Topanga Elementary School Alumni. Where Are They Now?

By Amy Weisberg, M.Ed. NBCT
Amy Weisberg, M.Ed.By Amy Weisberg, M.Ed.      February 5, 2021

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Topanga Elementary School Alumni. Where Are They Now?
The joys of being a teacher extend beyond the classroom. We are so lucky to have the time to get to know the children and their families while they are in our class and in many cases, to continue the friendships as the children grow up. It is rewarding to see the children grow up and follow their path to adulthood and learn about where that path has taken them. Often as teachers, we wonder, “Where are they now?” Discovering the answer is one of my favorite experiences. I am always happy to hear about their lives. With this in mind, I am excited to write about former TECS students, some were my own and others whom I knew from the school. An Ambassador for Animals Charlotte Trapman-O’Brien is 30 years old and culminated from Topanga Elementary Charter School in 2000. I had Charlotte in my multi-age K, 1, 2 class and got to know her and her family well over the three years. I also had her younger brother, Yannick, in class. I will always remember when I asked the children to draw a picture of what they wanted to be when they grew up, Charlotte drew herself holding a sign. I asked her what she wanted to be, and she said she wanted to be someone who holds signs to make things better. She wanted to be a protester. This five-year-old knew she wanted to make a difference, and though she is not a professional protester, she is making a big difference and is following her dream. What do you remember about your experience at TECS? Activities you participated in? Teachers you remember? Friendships? Is there anything that really had an impact on you? I remember feeling free up there on top of the hill. I was a bit of a tomboy and a weird kid. I had determined ideas about how I wanted to dress and act, and luckily for me, I don’t ever remember being made fun of or discouraged from that. It felt like there were lots of kids who were a little bit different so we all sort of fit together. My favorite teachers were definitely Mrs. Weisberg and Mr. Walker. Both were so kind and encouraging and excited about whatever they were teaching. I know I participated in anything animal I could, and I have fond memories of learning about bat research in the canyon, clean-ups in the creek, and field trips to The Nature of Wildworks. I think those things, being outside and talking so much about nature and the ecosystem of the canyon, had a big impact on what I wanted to do. Around 8 or 9 is when I decided I wanted to work with animals and, specifically, to work with big cats. Knowing what I was like at that age, I’m sure I told anyone who was near me long enough and I don’t remember any adult telling me that I couldn’t do that. It would have been an easy dream to quash. Instead, it just sort of blossomed from there. What higher education or training have you pursued? A Bachelor of Science in Psychology, an A.S in Animal Science, and a certification in Exotic Animal Training and Management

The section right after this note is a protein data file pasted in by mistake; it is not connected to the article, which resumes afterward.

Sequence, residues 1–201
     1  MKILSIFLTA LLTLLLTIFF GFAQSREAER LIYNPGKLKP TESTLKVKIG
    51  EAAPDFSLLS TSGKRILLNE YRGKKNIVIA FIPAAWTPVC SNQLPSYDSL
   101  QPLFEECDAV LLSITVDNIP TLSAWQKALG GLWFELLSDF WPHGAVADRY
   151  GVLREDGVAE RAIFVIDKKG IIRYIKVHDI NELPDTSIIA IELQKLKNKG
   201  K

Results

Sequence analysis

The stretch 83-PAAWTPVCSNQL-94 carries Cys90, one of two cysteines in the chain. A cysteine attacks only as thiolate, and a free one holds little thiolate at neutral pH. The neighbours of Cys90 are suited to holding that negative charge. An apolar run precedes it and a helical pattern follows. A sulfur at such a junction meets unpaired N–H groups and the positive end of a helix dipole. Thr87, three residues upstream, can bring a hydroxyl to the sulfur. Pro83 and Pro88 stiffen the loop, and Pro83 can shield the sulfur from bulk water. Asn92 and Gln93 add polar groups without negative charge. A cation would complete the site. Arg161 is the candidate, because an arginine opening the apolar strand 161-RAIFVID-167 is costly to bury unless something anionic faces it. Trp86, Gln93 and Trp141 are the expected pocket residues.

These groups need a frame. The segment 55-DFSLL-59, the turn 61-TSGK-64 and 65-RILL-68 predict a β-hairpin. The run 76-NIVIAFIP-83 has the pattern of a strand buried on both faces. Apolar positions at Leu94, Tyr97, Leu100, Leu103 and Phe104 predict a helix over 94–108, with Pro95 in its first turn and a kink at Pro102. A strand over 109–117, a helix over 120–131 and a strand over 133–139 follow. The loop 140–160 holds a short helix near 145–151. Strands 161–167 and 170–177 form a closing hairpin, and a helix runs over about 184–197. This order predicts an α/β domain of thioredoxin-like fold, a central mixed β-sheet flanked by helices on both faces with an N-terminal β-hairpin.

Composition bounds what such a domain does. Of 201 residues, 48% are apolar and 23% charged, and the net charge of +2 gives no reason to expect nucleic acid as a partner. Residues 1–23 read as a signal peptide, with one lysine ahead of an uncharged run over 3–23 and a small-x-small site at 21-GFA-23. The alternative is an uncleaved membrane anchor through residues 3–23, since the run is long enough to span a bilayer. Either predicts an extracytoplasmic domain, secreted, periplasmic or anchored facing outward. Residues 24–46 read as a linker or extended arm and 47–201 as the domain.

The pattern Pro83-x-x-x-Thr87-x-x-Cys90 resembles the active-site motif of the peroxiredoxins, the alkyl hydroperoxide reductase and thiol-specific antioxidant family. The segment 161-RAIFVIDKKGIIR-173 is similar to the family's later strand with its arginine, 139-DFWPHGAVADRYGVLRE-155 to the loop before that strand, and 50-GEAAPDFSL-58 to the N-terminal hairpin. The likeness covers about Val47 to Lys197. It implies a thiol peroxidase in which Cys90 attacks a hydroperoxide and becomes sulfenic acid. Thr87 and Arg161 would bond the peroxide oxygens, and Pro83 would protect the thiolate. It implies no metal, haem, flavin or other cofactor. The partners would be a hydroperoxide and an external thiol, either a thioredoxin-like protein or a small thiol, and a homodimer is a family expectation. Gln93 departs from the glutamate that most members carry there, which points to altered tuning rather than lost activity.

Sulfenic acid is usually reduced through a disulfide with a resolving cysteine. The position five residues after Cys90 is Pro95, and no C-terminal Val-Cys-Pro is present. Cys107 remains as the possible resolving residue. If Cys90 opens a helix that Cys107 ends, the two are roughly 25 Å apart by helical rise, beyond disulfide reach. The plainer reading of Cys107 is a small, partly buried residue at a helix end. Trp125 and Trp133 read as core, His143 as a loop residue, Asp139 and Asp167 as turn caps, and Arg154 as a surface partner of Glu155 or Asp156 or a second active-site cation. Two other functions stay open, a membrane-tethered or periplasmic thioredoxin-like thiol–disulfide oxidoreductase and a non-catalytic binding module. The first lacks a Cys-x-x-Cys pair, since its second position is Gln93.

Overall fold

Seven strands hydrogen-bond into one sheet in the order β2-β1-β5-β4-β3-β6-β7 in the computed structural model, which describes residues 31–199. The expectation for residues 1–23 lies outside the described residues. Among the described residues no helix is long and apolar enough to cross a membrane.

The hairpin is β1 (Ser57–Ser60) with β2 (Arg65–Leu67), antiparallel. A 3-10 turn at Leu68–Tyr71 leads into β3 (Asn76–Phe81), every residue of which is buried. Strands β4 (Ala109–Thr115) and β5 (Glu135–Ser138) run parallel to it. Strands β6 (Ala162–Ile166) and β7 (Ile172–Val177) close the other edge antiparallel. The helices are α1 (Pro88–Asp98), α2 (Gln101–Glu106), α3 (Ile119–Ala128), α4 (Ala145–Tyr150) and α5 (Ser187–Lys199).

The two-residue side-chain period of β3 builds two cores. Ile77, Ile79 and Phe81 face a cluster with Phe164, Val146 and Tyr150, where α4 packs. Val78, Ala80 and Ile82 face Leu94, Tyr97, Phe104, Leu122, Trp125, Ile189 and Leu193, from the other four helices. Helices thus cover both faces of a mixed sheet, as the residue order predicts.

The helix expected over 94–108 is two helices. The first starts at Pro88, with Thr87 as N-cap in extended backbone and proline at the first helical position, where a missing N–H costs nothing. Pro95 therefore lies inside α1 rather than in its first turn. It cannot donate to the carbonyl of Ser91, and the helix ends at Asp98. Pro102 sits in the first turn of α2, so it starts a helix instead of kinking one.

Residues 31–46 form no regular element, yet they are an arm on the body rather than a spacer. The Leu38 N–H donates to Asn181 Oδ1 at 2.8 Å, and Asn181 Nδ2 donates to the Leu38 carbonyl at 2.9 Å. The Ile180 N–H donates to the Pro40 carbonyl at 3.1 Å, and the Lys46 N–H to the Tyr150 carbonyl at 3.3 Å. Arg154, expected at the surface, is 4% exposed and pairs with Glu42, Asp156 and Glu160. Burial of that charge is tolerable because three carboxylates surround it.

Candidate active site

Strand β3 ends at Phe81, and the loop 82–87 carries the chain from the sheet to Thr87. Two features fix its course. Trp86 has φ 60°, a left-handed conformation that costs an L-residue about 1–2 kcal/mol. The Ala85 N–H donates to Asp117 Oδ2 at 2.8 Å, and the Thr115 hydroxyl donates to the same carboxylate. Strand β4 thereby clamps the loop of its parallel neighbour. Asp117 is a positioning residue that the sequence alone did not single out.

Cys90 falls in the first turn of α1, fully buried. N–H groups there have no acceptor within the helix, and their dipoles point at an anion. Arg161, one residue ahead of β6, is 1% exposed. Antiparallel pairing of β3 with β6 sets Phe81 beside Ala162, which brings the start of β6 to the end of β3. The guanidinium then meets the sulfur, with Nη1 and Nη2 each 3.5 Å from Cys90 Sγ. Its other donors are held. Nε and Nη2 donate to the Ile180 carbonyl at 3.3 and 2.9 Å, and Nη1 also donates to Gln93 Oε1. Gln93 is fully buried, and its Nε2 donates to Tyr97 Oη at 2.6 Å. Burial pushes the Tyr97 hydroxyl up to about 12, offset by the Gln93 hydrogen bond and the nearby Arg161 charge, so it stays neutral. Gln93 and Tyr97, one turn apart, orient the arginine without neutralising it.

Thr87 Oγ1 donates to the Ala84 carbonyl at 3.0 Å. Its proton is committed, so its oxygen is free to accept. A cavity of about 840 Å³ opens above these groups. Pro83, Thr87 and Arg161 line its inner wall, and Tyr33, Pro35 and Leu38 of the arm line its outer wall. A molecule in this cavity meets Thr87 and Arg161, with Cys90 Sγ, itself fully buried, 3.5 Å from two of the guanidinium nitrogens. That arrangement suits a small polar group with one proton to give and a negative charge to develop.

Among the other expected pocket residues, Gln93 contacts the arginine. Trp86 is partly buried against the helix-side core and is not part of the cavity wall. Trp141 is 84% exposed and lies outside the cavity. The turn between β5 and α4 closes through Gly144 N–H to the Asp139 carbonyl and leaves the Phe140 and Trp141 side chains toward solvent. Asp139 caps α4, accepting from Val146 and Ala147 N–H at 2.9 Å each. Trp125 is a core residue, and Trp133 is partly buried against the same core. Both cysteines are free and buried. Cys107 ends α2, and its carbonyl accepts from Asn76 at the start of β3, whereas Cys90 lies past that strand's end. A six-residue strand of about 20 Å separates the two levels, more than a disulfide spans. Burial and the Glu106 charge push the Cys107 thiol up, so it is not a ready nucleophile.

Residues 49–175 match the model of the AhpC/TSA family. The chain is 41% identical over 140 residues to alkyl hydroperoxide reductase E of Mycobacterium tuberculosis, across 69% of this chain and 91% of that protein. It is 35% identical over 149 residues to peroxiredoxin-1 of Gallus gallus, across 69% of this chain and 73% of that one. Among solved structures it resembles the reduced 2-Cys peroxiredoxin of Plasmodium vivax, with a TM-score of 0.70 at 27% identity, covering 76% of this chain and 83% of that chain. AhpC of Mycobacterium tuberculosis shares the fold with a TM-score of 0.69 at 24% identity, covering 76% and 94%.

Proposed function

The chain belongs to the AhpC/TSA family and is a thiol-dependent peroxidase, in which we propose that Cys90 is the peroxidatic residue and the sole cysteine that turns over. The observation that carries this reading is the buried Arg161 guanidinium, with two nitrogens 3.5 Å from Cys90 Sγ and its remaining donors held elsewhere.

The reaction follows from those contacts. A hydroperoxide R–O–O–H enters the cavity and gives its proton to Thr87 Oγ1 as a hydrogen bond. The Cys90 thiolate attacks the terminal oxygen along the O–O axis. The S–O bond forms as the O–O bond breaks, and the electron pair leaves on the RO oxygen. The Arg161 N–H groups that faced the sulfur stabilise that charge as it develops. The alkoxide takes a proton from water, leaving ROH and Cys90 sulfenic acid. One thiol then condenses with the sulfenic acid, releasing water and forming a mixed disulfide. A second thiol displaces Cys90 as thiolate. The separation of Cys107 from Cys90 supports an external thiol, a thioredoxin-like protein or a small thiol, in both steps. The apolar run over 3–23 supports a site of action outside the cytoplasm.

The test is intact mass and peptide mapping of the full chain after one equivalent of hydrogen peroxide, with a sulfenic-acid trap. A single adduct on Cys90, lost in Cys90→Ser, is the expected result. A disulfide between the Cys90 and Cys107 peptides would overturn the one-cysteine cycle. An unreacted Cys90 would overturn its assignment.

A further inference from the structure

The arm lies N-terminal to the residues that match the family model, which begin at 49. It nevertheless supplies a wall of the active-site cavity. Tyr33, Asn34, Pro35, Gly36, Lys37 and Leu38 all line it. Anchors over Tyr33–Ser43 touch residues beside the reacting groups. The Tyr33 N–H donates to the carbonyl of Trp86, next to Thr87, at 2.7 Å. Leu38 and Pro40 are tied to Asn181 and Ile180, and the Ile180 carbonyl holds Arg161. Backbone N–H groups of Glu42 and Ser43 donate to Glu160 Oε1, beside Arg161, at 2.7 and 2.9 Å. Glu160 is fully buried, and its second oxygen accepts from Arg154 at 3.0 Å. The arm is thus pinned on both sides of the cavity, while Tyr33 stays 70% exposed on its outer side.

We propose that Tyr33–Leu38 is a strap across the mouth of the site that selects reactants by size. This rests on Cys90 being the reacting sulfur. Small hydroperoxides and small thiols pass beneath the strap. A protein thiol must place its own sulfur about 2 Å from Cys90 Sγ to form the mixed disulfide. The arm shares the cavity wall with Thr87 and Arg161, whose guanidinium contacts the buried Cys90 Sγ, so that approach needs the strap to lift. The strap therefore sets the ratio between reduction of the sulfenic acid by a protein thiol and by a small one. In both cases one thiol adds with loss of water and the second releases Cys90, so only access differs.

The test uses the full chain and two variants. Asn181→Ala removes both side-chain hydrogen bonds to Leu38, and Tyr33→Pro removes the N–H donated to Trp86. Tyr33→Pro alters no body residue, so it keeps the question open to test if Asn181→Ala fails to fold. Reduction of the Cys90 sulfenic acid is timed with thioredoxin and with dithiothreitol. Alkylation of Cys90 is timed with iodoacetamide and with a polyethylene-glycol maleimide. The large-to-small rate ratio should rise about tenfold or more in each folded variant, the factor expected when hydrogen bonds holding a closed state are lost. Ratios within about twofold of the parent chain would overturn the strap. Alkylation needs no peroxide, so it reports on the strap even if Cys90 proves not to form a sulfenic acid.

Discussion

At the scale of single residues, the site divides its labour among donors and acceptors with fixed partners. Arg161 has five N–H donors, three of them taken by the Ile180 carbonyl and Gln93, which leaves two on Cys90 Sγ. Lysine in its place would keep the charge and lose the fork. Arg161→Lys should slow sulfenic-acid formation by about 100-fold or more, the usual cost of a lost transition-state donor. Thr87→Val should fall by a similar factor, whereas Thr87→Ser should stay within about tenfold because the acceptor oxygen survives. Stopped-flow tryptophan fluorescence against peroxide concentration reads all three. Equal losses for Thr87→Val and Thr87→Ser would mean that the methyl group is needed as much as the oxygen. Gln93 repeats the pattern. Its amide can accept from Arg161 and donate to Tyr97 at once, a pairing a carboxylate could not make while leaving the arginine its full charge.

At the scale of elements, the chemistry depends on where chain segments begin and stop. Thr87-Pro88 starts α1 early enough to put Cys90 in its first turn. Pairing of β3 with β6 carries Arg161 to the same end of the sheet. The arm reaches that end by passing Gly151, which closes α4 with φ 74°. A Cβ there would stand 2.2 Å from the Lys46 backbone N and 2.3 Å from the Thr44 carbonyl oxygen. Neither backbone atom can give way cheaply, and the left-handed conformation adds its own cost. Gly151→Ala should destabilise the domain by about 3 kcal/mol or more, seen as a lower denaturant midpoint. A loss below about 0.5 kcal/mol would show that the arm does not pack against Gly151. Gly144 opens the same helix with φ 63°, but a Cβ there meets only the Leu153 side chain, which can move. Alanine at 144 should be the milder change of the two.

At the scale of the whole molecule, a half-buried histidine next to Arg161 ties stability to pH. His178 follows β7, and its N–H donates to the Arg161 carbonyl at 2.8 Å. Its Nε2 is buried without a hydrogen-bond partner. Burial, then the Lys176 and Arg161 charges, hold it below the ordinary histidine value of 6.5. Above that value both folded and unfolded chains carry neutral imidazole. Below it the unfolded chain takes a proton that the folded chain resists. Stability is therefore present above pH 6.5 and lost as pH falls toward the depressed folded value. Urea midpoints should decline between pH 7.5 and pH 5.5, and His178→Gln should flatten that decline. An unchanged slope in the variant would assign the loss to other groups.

What do you love/enjoy about your career path? Well, I ended up doing exactly what I dreamed of, working with big cats, but my dream has definitely taken a little different shape than I thought.
I realized, while in school for exotic animal training at Moorpark College, that the best feeling came from sharing my love of animals with kids. Whether it’s a big presentation for hundreds of kids, or just answering questions from one curious child, getting to see someone have that same excitement that I had as a kid looking at animals is incredible. I’ve pivoted from just working with big cats to working with ambassador animals, including cheetahs, who are specially trained to do presentations and really engage with people. It lets me combine my love of animals with the passion for teaching I discovered. Something I love about being a zookeeper is that there are so many possibilities. I started out thinking I just wanted to work with cats, but over time, I’ve worked with so much more, from birds to sea lions, to giraffes and venomous snakes. Now I’m in my dream position working with about 30 different species of animals every day. I also feel fortunate to be a part of the zookeeping community which is incredibly tight knit. I recently started a business making animal designs for stickers and other items to raise money for conservation causes; the support I have received from keepers all over the world is incredible. There is such a drive and passion to share knowledge and encouragement with each other and I love being part of it. I could go on and on and on. Just like when she was a kid.
Charlotte’s art shop is on Instagram @animalia_designs; or Etsy, listing/911336503/cheetah-sticker. Her company Facebook page is Animalia Designs.
Amy Weisberg, M.Ed.
      February 5, 2021

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February 5, 2021

The arts
Covid diary
Thinking out loud
All things connected
Topanga historical society